Cities Use Mandatory Energy Use Benchmarking To Promote Energy Efficiency, Design Rebates and Incentives
As mandatory energy use benchmarking becomes more common in the United States, cities are using it in a number of different ways. Among them are promoting energy efficiency and designing more effective energy rebate and incentive programs.
Factors Favoring Mandated Benchmarking
Most of the mandated energy benchmarking programs in the U.S. have been in place for just a few years. However, such programs have been up and running for longer periods of time elsewhere, including the European Union and Australia, says Andrew Burr, director of building energy performance policy with the Institute for Market Transformation, a Washington D.C.-based nonprofit promoting energy efficiency, green building and environmental protection.
Several factors are driving interest in mandated energy benchmarking in the U.S. For starters, given the tight budgets within which many cities and states currently are working, energy efficiency can be a means of cutting operating costs in their facilities, Burr says.
Moreover, few cities have any idea how the private buildings in their areas consume energy, Burr adds. That can hinder their ability to craft effective energy rebate or incentive programs. "This information allows the government to develop smarter policies and incentives," he says.
Of course, putting in place solid energy benchmarking programs also can have "a helpful effect on driving demand for greater energy efficiency," says Marshall Duer-Balkind, program analyst for energy benchmarking with Washington D.C.'s Department of the Environment.
And, while some have expressed concern that making Energy Star scores public might limit the market for buildings with lower scores, energy is just one of many factors a potential buyer, lender or tenant considers when entering into a transaction, says Burr. "We hope that disclosure makes (energy efficiency) more a part of the conversation, but it doesn't supplant location or price." Moreover, building owners can take steps to improve a facility's low Energy Star score.
Of course, benchmarking is a starting point, as Duer-Balkind says. "It's not an audit." The Portfolio Manager score doesn't reveal how a building is using energy inefficiently, or which efficiency investments might be most useful.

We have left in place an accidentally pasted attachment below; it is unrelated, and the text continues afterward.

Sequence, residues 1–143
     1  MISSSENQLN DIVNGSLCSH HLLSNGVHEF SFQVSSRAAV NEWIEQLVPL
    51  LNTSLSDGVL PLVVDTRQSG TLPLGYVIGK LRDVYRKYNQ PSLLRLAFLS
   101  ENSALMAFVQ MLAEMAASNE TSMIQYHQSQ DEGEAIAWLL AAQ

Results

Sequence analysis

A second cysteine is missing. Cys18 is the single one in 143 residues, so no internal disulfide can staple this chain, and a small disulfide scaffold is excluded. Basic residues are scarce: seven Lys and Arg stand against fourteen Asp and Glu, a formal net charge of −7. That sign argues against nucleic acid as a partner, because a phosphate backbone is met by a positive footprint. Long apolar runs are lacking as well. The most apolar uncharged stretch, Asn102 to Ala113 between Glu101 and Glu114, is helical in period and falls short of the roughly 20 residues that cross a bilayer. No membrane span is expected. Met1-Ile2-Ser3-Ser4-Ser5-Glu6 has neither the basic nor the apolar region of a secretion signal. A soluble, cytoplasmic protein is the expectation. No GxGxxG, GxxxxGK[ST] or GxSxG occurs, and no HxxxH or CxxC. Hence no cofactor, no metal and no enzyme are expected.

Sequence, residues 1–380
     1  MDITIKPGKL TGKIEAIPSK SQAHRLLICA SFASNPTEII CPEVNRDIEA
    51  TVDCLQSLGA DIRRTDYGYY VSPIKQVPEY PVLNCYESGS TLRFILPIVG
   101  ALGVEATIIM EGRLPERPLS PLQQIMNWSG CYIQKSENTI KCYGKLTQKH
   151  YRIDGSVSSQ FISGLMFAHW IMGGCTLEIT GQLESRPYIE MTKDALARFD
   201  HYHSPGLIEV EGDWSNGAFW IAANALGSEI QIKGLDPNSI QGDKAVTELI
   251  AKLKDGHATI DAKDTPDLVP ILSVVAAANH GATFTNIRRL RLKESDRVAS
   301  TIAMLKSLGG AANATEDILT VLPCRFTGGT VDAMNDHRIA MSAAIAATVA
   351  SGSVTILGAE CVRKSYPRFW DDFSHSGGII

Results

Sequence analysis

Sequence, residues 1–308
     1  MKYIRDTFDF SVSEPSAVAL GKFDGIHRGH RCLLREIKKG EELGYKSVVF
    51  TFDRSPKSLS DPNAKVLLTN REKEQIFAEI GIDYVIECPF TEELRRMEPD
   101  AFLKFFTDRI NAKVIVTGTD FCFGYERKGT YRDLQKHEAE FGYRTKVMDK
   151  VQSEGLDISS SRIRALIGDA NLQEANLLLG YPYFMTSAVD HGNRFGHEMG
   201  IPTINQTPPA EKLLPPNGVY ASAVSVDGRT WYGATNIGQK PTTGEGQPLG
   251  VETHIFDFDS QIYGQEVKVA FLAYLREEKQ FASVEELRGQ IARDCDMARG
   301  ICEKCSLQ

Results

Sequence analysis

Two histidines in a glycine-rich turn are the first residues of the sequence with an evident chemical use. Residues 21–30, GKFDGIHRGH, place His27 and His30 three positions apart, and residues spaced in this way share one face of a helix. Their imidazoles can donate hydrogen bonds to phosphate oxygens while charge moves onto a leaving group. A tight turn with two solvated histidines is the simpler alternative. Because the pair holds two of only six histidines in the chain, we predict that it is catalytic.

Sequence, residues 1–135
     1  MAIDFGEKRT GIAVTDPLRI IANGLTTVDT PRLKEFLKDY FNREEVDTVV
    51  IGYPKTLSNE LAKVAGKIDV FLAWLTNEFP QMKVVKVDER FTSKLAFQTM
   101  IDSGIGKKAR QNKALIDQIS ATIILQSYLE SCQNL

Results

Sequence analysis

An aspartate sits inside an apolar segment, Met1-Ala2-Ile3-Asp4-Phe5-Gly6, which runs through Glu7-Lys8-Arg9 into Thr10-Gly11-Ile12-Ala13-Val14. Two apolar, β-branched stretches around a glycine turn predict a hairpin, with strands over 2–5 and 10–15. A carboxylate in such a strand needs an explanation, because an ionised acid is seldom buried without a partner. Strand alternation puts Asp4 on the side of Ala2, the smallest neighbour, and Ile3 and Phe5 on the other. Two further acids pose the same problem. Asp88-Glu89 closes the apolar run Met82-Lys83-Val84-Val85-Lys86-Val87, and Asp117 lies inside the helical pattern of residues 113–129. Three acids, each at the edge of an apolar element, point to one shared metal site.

Benchmarking does require gathering data on energy use — a process that can be time-consuming under the best of circumstances, and even more so when a building owner has to try to obtain this information from a tenant. To alleviate this challenge, some municipalities have worked with local utility companies to ensure they can provide the owners with the information they need, Burr says. "The goal is not to require a process that building owners have a lot of trouble complying with," he adds.
Automated benchmarking services, offered by some utilities and other firms, supply energy use data to Portfolio Manager automatically, without the need for manual data entry.
Positive Early Results
As to the charge that evidence of the benefits of energy benchmarking programs is limited, some respond that this simply means the programs are too new to evaluate. It doesn't support the notion that the programs don't work.
One example comes from San Francisco, whose energy benchmarking regulation dates to 2009, when a city task force found that ratepayers were investing about $1 billion annually in energy reduction incentives, says Barry Hooper, green building program coordinator. The goal was to use the information to take better advantage of the programs.
Commercial buildings now report annually their Portfolio Manager score, their energy use intensity, or EUI, which is total BTUs per square foot, per year, and their level of greenhouse gas emissions, Hooper says.
The benchmarking mandate was phased in over several years, starting with the largest buildings. About 65 percent of owners of private buildings have completed the benchmarking, and Hooper and his colleagues are working with the rest to bring them into the program. To that end, the city and the local utility, Pacific Gas and Electric (PG&E) have hosted dozens of training sessions. Once most facilities are in the program, the data collected will be published online.
The reception so far has been largely positive, especially once building owners understand the intent behind the regulation. Industry representatives helped craft the regulation, and facility owners appreciate the fact that Portfolio Manager is available at no cost, Hooper says.
Moreover, the benchmarking already is having a positive impact. The city's own buildings — about 300 in all — have been benchmarking energy use for several years. Analysis of this data revealed that their cumulative energy use declined 1 percent between 2009 and 2011.